I’m a dog person, a pretty serious dog person. I’ve owned The Furry One since he was only 8 weeks old. He sleeps with me. He rides shot gun in the car without even having to call “Shot Gun!” He’s my little buddy. I love most other people’s dogs; and if I don’t it is usually because of the owner not the dog. I just really love dogs.
So, this morning when I stopped by the front desk of my condo building to ask a favor related to the adoption and thus disclosed that I was adopting, Mrs. G (the desk attendant) raised a shady eyebrow and asked, “Adopting a what?”
I smiled and replied, “A kid, you know. a small human, so I think that’s a ‘who’.” Mrs. G laughed and said, “I thought you were announcing you were getting another dog.” She then gushed with the nicest, sweetest, supportive comments and posed for a picture for the book I’m creating for Hope. She will see Mrs. G every weekday at the desk as she heads off to school, so I wanted to include her in the book.
And so it goes.
I know that I have written a bit about those individuals around me who have said things that are not really supportive of my choice to adopt or are just insensitive when yammering on about childbearing and child-rearing. I acknowledge that most of these comments come from a place of ignorance rather than malice, and I’m trying to learn how to manage my emotional reaction to that static.
The reality is that most of the people in my life are really, very supportive. A friend painted Hope’s room white so we can start decorating with a fresh canvas. I’ve had people offer airline points to help me visit Hope when the time comes. I’ve had friends offer to connect with me with friends and relatives who live in the area to help me secure information about school districts, places to stay, places to eat and supportive shoulders to lean on. I’ve got friends and family close by and far, far, far away who excitedly ask for updates. There’s a “tween shower” in the works to help welcome Hope to her new home. Even my HR director squealed with delight today when I asked about family leave options for the next year (I never got to take family leave with The Furry One in nearly 14 years!). A young cousin already has plans to talk hair and nails and all kinds of teenish activities with Hope.
So, although those folks who say less supportive things lance me deeply, I have this amazing group of people in my life who are committed to helping me be a successful mom. They help me patch the wounds up pretty quickly and carry on.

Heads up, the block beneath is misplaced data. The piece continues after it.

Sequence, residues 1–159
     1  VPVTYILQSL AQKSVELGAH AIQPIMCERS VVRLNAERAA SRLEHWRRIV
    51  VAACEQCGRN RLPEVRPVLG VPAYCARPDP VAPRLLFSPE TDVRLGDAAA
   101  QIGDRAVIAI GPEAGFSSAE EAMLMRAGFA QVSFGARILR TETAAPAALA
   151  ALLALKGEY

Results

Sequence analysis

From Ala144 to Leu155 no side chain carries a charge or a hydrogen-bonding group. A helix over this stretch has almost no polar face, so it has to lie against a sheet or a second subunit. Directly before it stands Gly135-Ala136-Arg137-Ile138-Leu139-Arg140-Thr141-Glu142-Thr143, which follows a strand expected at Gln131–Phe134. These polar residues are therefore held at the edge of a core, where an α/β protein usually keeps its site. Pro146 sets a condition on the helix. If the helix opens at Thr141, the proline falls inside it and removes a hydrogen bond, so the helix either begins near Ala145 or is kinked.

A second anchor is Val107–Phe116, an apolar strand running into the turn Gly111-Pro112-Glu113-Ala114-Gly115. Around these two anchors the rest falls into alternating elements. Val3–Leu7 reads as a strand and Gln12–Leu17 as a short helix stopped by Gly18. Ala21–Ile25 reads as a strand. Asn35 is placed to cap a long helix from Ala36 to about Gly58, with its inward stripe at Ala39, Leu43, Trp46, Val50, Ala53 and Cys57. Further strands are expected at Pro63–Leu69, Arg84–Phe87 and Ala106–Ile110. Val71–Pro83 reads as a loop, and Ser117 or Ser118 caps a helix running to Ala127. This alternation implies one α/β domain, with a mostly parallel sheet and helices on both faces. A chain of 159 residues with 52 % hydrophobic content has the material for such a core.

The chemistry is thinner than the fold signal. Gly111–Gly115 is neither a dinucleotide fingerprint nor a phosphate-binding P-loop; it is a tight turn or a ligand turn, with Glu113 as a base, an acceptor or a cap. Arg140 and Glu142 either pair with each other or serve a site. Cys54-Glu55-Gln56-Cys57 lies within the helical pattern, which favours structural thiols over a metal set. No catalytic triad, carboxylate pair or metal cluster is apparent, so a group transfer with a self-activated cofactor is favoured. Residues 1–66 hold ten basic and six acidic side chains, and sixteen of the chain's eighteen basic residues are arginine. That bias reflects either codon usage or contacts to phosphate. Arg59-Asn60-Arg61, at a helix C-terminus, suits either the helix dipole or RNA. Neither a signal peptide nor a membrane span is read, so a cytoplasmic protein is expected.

I don’t see too many people of color adopting. I have heard that in-family adoptions can be more common within families of color. As I started this process, I didn’t expect the lack of role models to affect me so deeply. It was only after a few months of running around filling out paperwork and taking my required training that I really started to feel lonely. I also started wondering how my extended family would react to this decision. I come from an amazing extended family, and they never gave me any reason to think they wouldn’t be supportive. But this was such a radical path for me, and for us, that I just didn’t know. This isn’t a path I had much exposure to growing up.
I’m grateful, and relieved, to know that my Hope and I will be loved, supported and even championed among my family and friends.
I’m also getting better about asking for what I need, thanks to a great therapist who nudges me a long when I occasionally get stuck. I recently asked my agency for some families who could be my cultural touchstones as I navigate this process. I wished I’d asked six months ago; my agency sent me over a list of folks right away.
So, in spite of those annoying folks who say silly things; my love and support cups are getting filled. I am blessed to have such wonderful people in my life.
Funny thing is…if I had just paid attention to how they treat me on issues related to The Furry One, I probably would have realized that the addition of a human child to my family wouldn’t have been a big deal.
Love me, love my kid and my dog.